Amero was convicted in January of four counts of risk of injury to a minor, facing up to 40 years in prison before the case was thrown out.
Amero has argued that the pornographic images repeatedly popped up and couldn’t be turned off, the result of badware installed on a class PC that was running the Windows 98 operating system and expired anti-spyware solutions at the time of the 2004 incident.
The classroom computer was examined by state investigators after the trail, according to the Associated Press.
"The jury may have relied, at least in part, on that faulty information," Judge Hillary B. Stackbein said today, according to the AP.
A new trial date has not been set.
Alex Eckelberry, president of Sunbelt Software and an adviser to the Amero defense team, told SCMagazine.com that should the state prosecute again, "it’s a whole different ball game now."
"I don’t think anyone on the defense team is dancing in the streets, because there is still the specter of a new trial. Everyone should be extremely pleased that the motion for a new trial was accepted, but we’re still cautious about the ultimate outcome," he said.
"What we did was assemble a team of forensic experts, and we wrote a document that detailed what we believe were the inconsistencies between the physical evidence and what was said at the trial. We gave that to the defense and they used that as part of their effort."
The advisory team also included consultant Glenn S. Dardick, Sunbelt Vice President of Research and Development Eric Sites, MessageLabs researcher Alex Shipp, SecureWorks researcher Joe Stewart and experts Joel Folkerts and Robin Stewart.
Researchers said today that Amero may have been a victim of public misunderstanding of badware and the effect it can have on a PC.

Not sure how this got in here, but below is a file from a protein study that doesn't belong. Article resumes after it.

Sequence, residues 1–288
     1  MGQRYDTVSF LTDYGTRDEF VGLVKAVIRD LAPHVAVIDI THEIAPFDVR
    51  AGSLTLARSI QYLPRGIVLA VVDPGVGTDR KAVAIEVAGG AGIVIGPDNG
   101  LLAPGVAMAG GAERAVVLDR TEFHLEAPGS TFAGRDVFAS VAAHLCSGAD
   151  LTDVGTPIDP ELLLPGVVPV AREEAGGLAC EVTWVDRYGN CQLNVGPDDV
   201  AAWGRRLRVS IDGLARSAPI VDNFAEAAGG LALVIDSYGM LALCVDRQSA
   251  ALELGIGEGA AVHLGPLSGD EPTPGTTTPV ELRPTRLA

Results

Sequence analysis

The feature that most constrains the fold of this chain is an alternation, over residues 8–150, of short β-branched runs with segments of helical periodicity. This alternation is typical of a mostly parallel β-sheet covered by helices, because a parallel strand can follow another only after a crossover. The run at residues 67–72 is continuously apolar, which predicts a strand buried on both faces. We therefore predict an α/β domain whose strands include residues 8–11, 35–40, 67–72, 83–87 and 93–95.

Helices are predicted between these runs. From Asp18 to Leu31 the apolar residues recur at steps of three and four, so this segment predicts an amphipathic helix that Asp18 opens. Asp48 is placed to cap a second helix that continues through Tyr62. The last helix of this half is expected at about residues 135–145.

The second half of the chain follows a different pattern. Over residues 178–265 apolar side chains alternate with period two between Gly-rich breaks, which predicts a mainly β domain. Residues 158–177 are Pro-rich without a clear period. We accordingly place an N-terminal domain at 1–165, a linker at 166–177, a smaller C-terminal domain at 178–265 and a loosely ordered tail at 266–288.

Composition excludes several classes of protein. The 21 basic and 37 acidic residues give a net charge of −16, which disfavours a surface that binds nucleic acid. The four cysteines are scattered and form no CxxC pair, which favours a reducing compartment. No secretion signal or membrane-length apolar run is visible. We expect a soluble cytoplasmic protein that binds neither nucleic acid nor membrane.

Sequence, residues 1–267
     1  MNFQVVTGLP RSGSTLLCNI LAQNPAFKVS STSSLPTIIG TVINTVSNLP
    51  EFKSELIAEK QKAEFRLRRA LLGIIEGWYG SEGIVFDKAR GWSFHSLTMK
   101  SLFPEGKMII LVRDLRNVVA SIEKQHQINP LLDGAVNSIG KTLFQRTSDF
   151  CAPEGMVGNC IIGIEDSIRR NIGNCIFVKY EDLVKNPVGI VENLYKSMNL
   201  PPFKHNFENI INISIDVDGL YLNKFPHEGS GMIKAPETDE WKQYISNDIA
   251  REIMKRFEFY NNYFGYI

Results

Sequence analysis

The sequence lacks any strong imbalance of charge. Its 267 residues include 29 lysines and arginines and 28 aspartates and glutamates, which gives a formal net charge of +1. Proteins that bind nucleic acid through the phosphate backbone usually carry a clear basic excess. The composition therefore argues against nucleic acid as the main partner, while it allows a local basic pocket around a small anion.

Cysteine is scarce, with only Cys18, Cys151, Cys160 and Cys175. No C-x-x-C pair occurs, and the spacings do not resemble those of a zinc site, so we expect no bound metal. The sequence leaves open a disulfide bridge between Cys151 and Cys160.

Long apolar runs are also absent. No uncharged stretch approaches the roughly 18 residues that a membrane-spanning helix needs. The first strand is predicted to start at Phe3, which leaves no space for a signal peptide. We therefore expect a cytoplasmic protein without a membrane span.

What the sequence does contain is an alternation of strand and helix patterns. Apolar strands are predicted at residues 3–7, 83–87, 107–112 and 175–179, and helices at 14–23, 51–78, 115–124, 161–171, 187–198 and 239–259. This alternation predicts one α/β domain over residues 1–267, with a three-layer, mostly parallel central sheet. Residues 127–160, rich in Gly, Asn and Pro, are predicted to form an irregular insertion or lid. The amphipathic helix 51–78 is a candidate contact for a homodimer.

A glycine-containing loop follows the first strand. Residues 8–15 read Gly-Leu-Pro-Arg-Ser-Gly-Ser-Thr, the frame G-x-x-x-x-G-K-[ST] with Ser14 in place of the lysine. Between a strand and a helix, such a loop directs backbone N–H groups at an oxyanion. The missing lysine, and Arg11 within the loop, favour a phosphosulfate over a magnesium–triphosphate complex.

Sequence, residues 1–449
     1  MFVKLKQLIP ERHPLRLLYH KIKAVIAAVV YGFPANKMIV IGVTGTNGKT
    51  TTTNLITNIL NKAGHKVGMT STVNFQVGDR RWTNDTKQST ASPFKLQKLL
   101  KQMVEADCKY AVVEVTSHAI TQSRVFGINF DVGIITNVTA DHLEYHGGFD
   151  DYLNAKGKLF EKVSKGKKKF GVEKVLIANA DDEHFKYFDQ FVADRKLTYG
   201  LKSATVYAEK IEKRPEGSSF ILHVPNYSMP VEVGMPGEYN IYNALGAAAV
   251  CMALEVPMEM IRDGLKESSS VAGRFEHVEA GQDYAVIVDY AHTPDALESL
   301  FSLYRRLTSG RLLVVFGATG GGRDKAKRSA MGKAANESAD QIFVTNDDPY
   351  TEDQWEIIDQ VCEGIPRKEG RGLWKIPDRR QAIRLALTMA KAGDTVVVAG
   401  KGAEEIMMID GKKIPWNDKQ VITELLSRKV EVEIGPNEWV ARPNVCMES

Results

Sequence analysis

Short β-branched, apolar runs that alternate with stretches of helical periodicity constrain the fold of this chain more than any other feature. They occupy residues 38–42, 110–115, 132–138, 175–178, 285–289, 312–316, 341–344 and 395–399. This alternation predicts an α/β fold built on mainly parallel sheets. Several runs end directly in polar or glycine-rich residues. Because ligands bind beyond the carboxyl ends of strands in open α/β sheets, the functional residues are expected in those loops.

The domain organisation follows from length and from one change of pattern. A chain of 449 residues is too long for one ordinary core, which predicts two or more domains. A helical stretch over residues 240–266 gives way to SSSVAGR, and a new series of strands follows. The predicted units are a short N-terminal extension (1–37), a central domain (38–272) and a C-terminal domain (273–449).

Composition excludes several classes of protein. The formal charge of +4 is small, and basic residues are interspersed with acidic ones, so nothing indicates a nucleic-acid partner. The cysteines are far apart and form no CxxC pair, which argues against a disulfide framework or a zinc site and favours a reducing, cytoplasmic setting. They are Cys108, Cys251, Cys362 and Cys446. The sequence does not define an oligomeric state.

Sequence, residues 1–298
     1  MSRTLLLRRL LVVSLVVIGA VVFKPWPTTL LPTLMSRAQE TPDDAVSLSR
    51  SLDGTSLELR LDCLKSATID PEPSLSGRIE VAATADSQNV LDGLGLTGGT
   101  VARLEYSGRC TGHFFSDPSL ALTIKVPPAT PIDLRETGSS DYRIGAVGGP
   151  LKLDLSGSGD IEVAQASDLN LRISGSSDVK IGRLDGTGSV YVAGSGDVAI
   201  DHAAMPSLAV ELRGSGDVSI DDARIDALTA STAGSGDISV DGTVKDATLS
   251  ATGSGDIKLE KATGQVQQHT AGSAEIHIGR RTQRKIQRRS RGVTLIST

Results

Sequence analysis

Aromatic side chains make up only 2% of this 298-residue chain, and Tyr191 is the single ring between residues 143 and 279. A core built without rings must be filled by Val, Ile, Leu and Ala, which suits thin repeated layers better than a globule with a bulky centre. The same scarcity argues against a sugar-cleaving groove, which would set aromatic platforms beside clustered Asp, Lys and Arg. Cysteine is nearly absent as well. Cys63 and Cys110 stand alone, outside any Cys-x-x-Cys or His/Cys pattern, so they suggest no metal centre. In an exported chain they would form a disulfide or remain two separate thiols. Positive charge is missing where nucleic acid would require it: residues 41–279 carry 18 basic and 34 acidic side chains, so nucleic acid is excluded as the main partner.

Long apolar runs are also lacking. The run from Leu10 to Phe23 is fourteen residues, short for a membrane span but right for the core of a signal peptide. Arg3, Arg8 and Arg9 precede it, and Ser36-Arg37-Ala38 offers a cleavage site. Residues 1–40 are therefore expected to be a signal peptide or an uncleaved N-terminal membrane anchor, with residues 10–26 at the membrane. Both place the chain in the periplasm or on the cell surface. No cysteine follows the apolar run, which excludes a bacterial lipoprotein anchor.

Ron O’Brien, senior security analyst at Sophos, told SCMagazine.com that prosecutors did not look for the true culprits.
"The preponderance of evidence in the case would suggest that there was a lack of adequate security on the machine. So while she may not be responsible for what appeared on the machine, [prosecutors] seem to be willing to concede that other parties may have had a role because there was no firewall and there was no anti-virus service in place," he said.
"Common sense is really the underlying sentiment here. I think she was certainly held as an example of what is not acceptable in a classroom, but we have to look for the parties actually responsible for the incident."
Joe Telafici, virus researcher at McAfee Avert Labs, told SCMagazine.com that the case could be a wake-up call to the public that PCs can be used to harm other people.
"[Malware bringing up pornographic images] is not unlikely, this stuff happens pretty commonly. There’s a lot of malware that can make this happen," he said. "School environments in particular seem to be pretty insecure."
Ryan Russell, quality assurance manager at BigFix, told SCMagazine.com that he has "been in a fantastic mood all day."
"If it does go to trail again, one thing she does have in her corner is that they know the world is watching, and there won’t be another case of the trial being pushed through the court in the minimum amount of time," he said.
Russell also credited Eckelberry with organizing other security professionals to aid Amero.
Judge grants Amero new trial in school-porn case
By Frank Washkuch on Jun 7, 2007 10:04AM